Chicago Police

Chicago Saw 65K 911 Calls Sunday, 50K More Than Usual, Lightfoot Says

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Chicago emergency dispatchers received roughly 65,000 calls to 911 in a 24-hour period as protests, looting, vandalism and violence gripped the city Sunday, Mayor Lori Lightfoot said.

That figure was more than 50,000 calls than dispatchers typically receive in that time frame, Lightfoot said Monday during a news conference to discuss the weekend unrest.

"Of course nothing is typical about these times," Lightfoot said. "To be clear, as the day wore on, every half hour there were 1,000 calls. Late afternoon and evening, those calls reached over 2,000 calls every 30 minutes."

Lightfoot said between Friday and Sunday, there were about 10,000 calls for looting alone.

"The police department was responding to these calls as best they could," she continued. "The challenge was, it was everywhere. Everywhere.

"If we had a police department three times the size, we would've had a difficult time responding," Lightfoot added. "This is an all-hands-on-deck moment and not just for law enforcement but also for city government and also for you."

Sunday marked the third consecutive night of protests in Chicago calling for justice after Minneapolis police killed George Floyd earlier in the week in an incident captured on cellphone video.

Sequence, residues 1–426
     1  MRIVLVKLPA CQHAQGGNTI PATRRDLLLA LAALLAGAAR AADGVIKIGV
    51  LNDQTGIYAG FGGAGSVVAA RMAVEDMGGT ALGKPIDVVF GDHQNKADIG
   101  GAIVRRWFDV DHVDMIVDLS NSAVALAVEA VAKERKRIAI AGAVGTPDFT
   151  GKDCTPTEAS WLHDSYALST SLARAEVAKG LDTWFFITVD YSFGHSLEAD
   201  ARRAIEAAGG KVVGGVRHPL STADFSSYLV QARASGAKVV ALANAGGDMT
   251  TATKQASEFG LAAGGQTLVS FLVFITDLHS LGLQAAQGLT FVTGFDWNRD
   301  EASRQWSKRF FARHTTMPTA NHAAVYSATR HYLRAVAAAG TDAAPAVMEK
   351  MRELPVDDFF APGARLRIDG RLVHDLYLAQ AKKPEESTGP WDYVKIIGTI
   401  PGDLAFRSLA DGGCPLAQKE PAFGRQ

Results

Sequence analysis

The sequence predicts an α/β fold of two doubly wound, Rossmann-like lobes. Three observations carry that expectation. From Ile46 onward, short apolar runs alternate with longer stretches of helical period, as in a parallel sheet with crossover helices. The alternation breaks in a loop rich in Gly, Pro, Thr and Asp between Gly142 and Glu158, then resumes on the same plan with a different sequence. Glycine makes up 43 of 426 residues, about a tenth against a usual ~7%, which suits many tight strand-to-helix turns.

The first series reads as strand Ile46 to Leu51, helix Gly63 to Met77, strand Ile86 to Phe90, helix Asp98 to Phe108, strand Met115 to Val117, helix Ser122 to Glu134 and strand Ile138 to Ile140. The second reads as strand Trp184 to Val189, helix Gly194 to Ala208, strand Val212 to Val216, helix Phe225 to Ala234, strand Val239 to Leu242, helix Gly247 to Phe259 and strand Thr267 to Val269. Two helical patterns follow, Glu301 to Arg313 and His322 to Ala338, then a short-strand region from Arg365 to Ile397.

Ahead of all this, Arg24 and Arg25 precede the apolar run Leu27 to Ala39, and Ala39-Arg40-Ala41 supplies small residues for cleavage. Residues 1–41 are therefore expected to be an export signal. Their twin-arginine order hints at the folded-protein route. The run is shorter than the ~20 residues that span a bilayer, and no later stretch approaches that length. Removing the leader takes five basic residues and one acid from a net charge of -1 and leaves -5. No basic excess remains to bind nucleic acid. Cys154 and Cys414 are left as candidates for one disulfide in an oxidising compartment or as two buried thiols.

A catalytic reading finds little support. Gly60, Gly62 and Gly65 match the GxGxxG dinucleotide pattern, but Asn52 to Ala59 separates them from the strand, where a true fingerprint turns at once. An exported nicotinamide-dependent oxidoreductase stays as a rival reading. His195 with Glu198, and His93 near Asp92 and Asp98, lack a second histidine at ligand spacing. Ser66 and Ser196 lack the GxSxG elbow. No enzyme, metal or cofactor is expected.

While many demonstrations remained largely peaceful, looting and vandalism also erupted in Chicago area Saturday and Sunday nights, with windows broken, stores ransacked, fires set and more.

Authorities said at least 240 people were arrested, six people were shot, one fatally, and 20 officers were injured, some requiring hospitalization, on Saturday night.

After Saturday's activity, largely concentrated in the city's downtown area, Chicago officials shut down most roads and transit service into the Loop to everyone except residents and essential workers.

Gov. J.B. Pritzker also activated a contingent of the Illinois National Guard to Chicago at Lightfoot's request early Sunday. With access to the city's downtown area restricted, the largely peaceful protests as well as the looting and vandalism spread to other parts of the city and the surrounding suburbs.

Chicago and several suburbs put a curfew in place, shut down transit altogether and advised residents to stay home as the unrest continued.

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